Explore the centuries-old seaside villages of Cinque Terre, Italy in 3 days

Europe

Italy is a big, beautiful and diverse country. Situated on the Italian Riviera coastline is Cinque Terre, known for its charming towns and villages that look like from the pages of a fairy tale book. Cinque Terre’s scenery is awe-inspiring that once you set foot in its lands, you will feel you have traveled to a completely different country. Whether this is your first trip to Italy or you’ve been here a few times before, a 3-day adventure to the villages opens up tons of new and interesting things to do. The sequence of activities and attractions below are just a guide and you can definitely change it to suit your interests.

Things to know before traveling to Cinque Terre, Italy:

Language – Italian is the official language of Italy.  Most Italian in the city and other main tourists spots, speak English so you can absolutely get by without speaking Italian language. Like other countries, speaking at least some Italian phrases or attempting to learn is greatly appreciated by the locals.

Etiquette – Most Italians don’t like vulgar and loud people. As a visitor, you are expected to behave politely and dress appropriately. When you enter a shop or restaurant, acknowledge the people by saying “Buon Giorno”. First impressions are important, so conduct yourself properly while being aware of any social hierarchies. Always greet with Signore (for a man) and Signora (for a woman) followed by the family name. If you get into conversation with an Italian, do not go on the subject of mafia as this is considered to be rude.

Currency exchange – Italy uses euros, the same currency now used by most Western European countries with the exception of the United Kingdom, Switzerland and Norway. Prior to traveling, you can buy some euros (enough for one day or whatever your preference) and then exchange your money in the banks to get the best rates. You can also use the ATMs (called bankomat) at all main squares of every town, major airports and train stations. Credits cards are commonly accepted in most shops, restaurants and hotels.  If you are going to take taxis, please note that most taxi drivers prefer cash payments as credit card transactions require them to pay a commission to the banks.

Euro bills

Euro bills (BurAnd / Shutterstock.com)

Getting around – Although Cinque Terre is a small enough area to explore on foot, there are also plenty of other ways to get around. Taking the trains connecting the five villages is the most popular way to get around the area. Each of the five villages in Cinque Terre has their own small train stations, where you can purchase single journey train tickets. If you see yourself taking the trains often, then you may consider getting a Cinque Terre card (options include 24, 48, or 72 hours) from the train stations. It allows unlimited travel on trains and ATC buses within the villages, provides access to the national park and the Sentiero Azzurro (coastal trail), use of WIFI in the train stations, and provides free guided hiking tours in the villages.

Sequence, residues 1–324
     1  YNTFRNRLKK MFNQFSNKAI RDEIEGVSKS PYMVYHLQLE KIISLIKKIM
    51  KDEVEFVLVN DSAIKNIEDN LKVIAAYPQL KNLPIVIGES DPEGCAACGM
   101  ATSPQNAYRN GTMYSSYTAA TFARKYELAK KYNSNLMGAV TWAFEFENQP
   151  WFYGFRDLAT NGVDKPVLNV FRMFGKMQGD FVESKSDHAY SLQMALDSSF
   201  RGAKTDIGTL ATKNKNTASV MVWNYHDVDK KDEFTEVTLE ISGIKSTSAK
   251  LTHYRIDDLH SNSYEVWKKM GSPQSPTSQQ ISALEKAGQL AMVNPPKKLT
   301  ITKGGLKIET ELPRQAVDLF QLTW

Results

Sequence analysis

Where to stay – Cinque Terre is awash with various accommodation options with something for every level of comfort and budget. With five villages to choose from, Riomaggiore, Manarola, Corniglia, Vernazza and Monterosso al Mare, the most frequent question from first time travelers is, “What’s the best area to stay in when visiting Cinque Terre?” Without a doubt, the best place to stay in Cinque Terre is the Riomaggiore, which is situated in the middle of everything. It has the most number of restaurants, good train connections and plenty of attractions.

Hotels to consider in Riomaggiore:

Hotel Villa Argentina

Locanda Ca da Iride

Locanda dalla Compagnia

Ciao Bella

Case Vacanze Scorci Di Mare

Affittacamere Dai Baracca

Day by day itinerary: Explore the centuries-old seaside villages of Cinque Terre, Italy in 3 Days

Day 1

On your first day, take in a few of Cinque Terre’s most famous attractions and get an introduction to its rich history. Upon arrival, check into your chosen accommodation. Then, rent a bike and explore the village on your own. Biking is an extremely popular activity among locals and tourists as it has several physical advantages. It is also a great way to see the city without spending too much money on transportation. The High Path no. 1 (Sentiero del Crinale) connects the five villages and is about 27 kilometers long. It is recommended to split up the route as it will take approximately 10 hours to complete.